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Lowe’s is counting on B2B ecommerce sales from professional contractors to help the retailer weather the drought in falling revenue, CEO Marvin Ellison told investor analysts.

Home improvement retail chain Lowe’s is feeling the downturn in consumer spending on home projects.

In the meantime, the company is counting on B2B ecommerce sales from professional contractors to help weather the drought in falling revenue.

“The DIY consumer: This consumer remains very cautious, specifically when you think about larger discretionary purchases,” Lowe’s CEO Marvin Ellison told attendees this week at Oppenheimer’s 24th Annual Consumer Growth and E-commerce Conference. “The segment and the sentiment for the DIY [do-it-yourself] consumer remains a bit weak, influenced by things like persistent inflation.”

Lowe’s ranks No. 11 in the Top 1000, Digital Commerce 360’s database of North America’s online retailers by web sales. The retailer is in the Hardware & Home Improvement category.


Lowe’s online sales

Lowe’s Cos. Inc. reported that online sales grew about 1% in the first quarter of fiscal 2024 ended May 3. Meanwhile, Lowe’s total sales declined 4.0% to $21.4 billion, and comparable sales fell 4.1%.

That was a significant improvement from Q4, when total sales declined 17% and comparable sales dropped 6.2%.

The retailer also said B2B and online sales growth partially offset declines from DIY customers, especially on bigger projects.

“Our focus in that segment is the small to medium-sized pro customer, and this customer remains resilient,” Ellison told attendees, according to a transcript from SeekingAlpha.com. “And our most recent pro surveys, which we try to do every quarter, show that their backlog of work and projects are very consistent with last year, which is good news for us.”


Lowe’s says it’s taking several major steps to accelerate total and online sales from contractors.

Two of its main priorities:

  1. Personalizing a contractor’s user experience.
  2. Making product recommendations and repeat buying easier both online and in stores.

“We’re starting to pair that [the retailer’s professional contractor experience] along with our CRM (customer relationship management) platforms within our stores. We’re able to know who our pros are, what they’re shopping and, more importantly, what they are not shopping, and be able to pair the digital capabilities that we have with the localized in-store specialists that are serving our pro customers,” Ellison said.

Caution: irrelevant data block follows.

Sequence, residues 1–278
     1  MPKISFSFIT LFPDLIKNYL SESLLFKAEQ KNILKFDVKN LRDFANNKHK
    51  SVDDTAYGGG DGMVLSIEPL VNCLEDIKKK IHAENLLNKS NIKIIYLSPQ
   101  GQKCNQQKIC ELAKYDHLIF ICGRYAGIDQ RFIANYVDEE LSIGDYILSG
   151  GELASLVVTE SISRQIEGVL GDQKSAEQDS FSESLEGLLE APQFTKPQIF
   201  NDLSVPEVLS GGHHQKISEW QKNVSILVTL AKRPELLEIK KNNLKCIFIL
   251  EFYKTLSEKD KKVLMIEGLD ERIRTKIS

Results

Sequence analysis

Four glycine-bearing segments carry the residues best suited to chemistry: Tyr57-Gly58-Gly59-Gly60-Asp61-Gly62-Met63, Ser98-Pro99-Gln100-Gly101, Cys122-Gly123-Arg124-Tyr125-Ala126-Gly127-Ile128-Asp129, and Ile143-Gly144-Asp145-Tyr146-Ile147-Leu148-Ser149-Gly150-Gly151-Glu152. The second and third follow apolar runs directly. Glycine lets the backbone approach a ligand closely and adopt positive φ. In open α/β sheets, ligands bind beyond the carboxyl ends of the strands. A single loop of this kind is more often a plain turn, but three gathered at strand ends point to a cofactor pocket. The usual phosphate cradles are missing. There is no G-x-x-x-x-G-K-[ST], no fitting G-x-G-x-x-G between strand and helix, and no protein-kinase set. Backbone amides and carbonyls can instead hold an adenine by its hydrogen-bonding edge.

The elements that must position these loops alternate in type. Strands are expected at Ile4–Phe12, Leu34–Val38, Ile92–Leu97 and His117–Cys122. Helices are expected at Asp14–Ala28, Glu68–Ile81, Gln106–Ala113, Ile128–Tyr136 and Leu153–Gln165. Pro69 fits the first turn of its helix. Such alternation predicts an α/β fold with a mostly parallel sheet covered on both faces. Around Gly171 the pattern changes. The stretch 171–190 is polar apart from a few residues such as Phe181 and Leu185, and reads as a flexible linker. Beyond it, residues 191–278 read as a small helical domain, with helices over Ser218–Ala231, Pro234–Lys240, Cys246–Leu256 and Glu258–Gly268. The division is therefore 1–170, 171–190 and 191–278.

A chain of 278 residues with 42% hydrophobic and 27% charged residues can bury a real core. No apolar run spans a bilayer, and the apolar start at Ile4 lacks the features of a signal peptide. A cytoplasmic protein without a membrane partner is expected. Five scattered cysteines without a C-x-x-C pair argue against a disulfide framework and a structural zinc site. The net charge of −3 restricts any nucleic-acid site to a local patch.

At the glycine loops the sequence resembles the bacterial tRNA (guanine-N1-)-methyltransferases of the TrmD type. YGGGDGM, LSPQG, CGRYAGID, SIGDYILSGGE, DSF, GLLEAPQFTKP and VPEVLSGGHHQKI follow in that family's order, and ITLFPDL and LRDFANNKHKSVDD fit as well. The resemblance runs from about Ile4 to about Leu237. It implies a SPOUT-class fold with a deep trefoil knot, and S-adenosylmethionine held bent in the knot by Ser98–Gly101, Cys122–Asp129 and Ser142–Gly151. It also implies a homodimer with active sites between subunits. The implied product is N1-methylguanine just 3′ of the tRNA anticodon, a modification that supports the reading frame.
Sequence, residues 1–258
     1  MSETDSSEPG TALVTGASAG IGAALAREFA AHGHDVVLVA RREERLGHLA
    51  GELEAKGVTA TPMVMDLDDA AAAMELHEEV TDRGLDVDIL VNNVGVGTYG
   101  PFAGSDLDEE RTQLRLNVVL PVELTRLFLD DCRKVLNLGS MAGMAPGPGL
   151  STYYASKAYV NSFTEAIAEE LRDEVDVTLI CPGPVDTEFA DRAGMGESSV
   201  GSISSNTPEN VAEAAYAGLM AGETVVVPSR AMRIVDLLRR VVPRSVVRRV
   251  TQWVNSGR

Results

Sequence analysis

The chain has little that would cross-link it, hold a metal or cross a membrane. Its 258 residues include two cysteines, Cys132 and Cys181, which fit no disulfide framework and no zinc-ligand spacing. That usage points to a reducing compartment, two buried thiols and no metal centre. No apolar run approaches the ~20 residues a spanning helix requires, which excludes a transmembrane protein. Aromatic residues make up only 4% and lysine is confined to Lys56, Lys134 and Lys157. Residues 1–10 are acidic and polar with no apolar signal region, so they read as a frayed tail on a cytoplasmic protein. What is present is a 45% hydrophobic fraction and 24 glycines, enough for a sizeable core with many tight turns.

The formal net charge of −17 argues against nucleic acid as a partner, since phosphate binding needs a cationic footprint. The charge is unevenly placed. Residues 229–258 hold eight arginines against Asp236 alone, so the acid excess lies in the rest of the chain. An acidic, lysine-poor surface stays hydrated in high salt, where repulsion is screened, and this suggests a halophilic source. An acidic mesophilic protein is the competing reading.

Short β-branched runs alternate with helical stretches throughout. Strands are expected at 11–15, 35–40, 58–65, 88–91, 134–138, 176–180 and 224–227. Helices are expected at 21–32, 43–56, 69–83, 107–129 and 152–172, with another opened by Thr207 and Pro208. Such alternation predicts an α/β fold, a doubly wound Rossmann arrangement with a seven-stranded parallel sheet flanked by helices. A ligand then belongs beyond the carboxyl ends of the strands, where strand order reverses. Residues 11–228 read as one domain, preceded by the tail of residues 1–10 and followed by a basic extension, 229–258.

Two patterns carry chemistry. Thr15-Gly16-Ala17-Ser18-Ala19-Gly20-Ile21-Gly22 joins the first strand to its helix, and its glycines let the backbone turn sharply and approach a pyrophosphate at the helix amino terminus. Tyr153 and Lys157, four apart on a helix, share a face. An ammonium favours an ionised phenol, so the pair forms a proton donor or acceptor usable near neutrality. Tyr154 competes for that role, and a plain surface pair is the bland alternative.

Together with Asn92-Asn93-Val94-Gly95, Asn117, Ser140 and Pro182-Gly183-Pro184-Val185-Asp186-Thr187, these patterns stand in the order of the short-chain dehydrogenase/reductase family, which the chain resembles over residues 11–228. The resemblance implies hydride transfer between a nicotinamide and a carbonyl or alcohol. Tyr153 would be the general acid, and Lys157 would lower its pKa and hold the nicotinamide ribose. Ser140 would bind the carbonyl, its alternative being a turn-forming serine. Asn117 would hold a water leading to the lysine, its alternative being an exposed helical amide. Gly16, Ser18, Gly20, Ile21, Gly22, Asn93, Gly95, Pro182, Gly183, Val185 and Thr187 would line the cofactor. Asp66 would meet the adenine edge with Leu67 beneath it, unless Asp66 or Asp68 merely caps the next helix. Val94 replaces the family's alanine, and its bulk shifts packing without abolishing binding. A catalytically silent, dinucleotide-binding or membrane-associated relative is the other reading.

In the past year, Lowe’s has spent considerable effort researching how contractors do business online with the retailer.

It found two key points:

  1. Nearly one in three pros (32%) ranked retailer-specific mobile apps and built-in tools in their top three innovations with the greatest potential to improve their job.
  2. 61% of pros expect retailers to help them shop quickly so they can get back to the job.

To make it easier for professional contractors, Lowe’s has made recent additions to its mobile commerce suite of tools. That includes updating its Lowes Pro app with features such as:

  • Online quoting, so pros can build and update online order quotes within minutes. Pros can also complete purchases online at the quoted rate, with pricing guaranteed for seven days.
  • A volume savings program, which allows certain levels of Pro Rewards members to save on eligible orders of $1,500 or more.
  • Buy It Again, which lets pros reorder frequently purchased items via the Buy It Again prompt. Products can be sorted by frequency, recency and price of purchase.
  • Order tracking, which visualizes purchases and tracks deliveries from a centralized page for pro customers.

B2B sales make up about 25% of all Lowe’s sales, which dropped 11% to $86.78 billion in 2023 from $97.06 billion in 2022.

Going forward, generating more sales from its B2B customers will remain a top priority for Lowe’s, chief financial officer Brandon Sink told attendees.

“We continue to be laser-focused on the small to medium pro, the $250 billion addressable market that’s out there, highly fragmented, and those pros continue to tell us that they’re underserved,” he said.

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